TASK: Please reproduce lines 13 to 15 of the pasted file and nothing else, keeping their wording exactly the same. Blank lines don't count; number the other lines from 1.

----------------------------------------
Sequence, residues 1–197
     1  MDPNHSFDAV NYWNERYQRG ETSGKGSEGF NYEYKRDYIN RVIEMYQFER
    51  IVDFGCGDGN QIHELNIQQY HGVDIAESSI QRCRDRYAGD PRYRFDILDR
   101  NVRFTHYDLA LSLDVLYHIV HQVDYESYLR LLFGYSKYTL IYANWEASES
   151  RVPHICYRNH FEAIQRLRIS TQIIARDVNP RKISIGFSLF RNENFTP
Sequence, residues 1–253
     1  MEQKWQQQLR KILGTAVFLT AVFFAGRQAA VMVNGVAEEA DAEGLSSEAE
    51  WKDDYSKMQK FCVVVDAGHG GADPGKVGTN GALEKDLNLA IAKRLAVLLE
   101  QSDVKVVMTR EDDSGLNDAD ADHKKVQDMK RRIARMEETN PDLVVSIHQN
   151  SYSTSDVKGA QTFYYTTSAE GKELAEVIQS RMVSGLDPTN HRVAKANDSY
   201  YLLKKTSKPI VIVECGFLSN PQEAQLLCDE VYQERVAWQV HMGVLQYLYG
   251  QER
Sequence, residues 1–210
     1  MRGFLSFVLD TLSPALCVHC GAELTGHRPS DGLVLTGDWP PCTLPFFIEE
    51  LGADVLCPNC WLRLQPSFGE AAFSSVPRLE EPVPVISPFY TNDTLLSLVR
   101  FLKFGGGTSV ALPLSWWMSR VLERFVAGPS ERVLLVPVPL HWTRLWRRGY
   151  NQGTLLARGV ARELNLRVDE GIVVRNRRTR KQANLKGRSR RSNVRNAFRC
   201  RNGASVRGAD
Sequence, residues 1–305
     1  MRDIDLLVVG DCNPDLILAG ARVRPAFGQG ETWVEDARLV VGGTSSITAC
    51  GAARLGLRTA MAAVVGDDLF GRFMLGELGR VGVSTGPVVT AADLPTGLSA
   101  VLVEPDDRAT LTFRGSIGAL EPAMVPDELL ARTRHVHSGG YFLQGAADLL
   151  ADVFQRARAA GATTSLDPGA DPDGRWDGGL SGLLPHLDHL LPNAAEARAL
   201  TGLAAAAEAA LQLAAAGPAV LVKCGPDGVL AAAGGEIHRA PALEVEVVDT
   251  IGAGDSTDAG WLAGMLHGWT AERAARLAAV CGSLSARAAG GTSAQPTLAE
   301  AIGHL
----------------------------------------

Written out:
Sequence, residues 1–210
     1  MRGFLSFVLD TLSPALCVHC GAELTGHRPS DGLVLTGDWP PCTLPFFIEE
    51  LGADVLCPNC WLRLQPSFGE AAFSSVPRLE EPVPVISPFY TNDTLLSLVR